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Checks and balances

From dKosopedia

In politics, the principle of checks and balances underlies many democratic governments. The term was coined by Montesquieu during the Enlightenment. The principle is an outgrowth of the classical idea of separation of powers. The first national system of checks and balances was outlined by the United States Constitution in 1789.

One method of implementing a check and balance system involves the interplay between different "branches" of government. Taken as a whole, such a government might be said to have an effective system of checks and balances if no one branch of government holds total power and each branch can be overridden by another.

The system of checks and balances has two components. The right to check and the means to actively balance out imbalances. Checking requires access to information and the right to question. Balancing requires a mechanism of control to prevent the branches from overstepping their constitutional limits of power. Difficulties arise in states where the branches can block each other to the extent of bringing the whole government to a standstill.

Three branch government

In most states with a three-branch government, the process of checks and balances works in a manner similar to this:

In this way the different powers of government are isolated from each other so that no branch has total power over all the functions of government. An attack on or abuse of power by individuals of a single branch will not lead to tyranny or the fall of the entire government.

Independent government agencies

Certain countries divide power further by creating government agencies that should theoretically be attached to the executive branch, but have a status ensuring their independence from political pressure. Typically, such status may be conferred on:

In addition, the executive may have reduced authority on certain of its employees. For instance, university professors and scientific researchers in public administrations may be protected from interventions of the executive, since they are supposed to discharge their mission with objectivity. This is for instance the case in France. The idea is that those employees have a duty of objective information with respect to the public; some objective scientific information may contradict the interests or ideology of the executive or its supporters. Those employees therefore act as a check on the executive.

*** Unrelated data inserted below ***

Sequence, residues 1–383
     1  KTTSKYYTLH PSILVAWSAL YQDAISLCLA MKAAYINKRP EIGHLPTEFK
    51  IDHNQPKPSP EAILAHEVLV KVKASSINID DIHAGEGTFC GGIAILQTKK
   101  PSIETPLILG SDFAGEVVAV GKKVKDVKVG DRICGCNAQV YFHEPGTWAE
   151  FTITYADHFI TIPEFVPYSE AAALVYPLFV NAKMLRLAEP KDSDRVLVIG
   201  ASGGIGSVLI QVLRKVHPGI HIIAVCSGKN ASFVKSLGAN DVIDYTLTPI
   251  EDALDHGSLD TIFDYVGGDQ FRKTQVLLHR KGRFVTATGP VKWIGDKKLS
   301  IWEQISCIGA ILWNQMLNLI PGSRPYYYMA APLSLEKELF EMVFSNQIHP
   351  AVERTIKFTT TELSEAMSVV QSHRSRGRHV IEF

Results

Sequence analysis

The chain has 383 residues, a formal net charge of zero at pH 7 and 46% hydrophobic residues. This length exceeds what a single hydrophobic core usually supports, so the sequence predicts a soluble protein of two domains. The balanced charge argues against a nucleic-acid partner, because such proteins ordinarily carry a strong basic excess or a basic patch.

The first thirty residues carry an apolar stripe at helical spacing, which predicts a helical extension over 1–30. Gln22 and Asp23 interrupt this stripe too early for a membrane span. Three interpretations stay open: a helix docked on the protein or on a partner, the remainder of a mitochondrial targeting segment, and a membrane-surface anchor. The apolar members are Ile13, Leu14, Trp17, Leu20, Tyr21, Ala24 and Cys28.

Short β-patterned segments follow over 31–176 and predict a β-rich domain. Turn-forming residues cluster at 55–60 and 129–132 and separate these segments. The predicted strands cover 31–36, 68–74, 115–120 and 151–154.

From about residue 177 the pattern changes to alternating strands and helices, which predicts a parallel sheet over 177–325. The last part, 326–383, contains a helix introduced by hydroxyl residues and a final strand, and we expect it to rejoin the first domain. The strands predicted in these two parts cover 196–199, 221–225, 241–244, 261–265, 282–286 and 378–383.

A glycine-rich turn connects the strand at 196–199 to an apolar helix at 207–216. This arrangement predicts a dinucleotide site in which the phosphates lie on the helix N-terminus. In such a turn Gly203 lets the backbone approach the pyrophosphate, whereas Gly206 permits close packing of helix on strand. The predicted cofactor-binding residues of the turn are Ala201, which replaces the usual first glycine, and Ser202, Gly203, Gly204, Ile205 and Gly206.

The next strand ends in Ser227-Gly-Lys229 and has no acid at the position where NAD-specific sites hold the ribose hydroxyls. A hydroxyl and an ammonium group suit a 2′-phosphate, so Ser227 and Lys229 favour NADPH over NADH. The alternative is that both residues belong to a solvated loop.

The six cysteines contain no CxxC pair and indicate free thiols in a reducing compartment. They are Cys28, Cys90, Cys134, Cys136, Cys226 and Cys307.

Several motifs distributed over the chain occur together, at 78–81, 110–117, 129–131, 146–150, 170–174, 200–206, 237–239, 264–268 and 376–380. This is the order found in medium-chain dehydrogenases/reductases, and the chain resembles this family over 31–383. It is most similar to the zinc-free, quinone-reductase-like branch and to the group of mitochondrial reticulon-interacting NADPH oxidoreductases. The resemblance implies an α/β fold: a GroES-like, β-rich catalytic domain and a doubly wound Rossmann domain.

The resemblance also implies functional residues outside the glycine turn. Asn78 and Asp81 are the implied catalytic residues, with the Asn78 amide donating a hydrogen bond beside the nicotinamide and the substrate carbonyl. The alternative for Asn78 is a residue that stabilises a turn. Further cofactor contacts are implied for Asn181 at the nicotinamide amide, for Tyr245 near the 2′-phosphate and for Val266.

In democratic states, some amount of checking is frequently done by an independent press. Because of its ability to research independently of government interests, bring issues to public awareness and thus influence voters' perception, it plays an important role in the system of checks and balances. Many imbalances of power have only been addressed by the branches of government after a "scandal" was discovered by the press. Although the press is not a branch of power in the constitutional sense, it is sometimes referred to as the "fourth branch of power" or "fourth estate" because of its influence on political processes. However, the term 'fourth estate' has nothing to do with the three-branch system of government, and refers to the press being an extra 'estate' in addition to the three estates which paricipated in the Assemblies in seventeenth-century France: the first estate (the clergy ), the second estate (the aristocracy) and the third estate (the serfs) (see Estates of the realm).

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This page was last modified 17:07, 3 July 2006 by Chad Lupkes. Based on work by dKosopedia user(s) Lestatdelc. Content is available under the terms of the GNU Free Documentation License.

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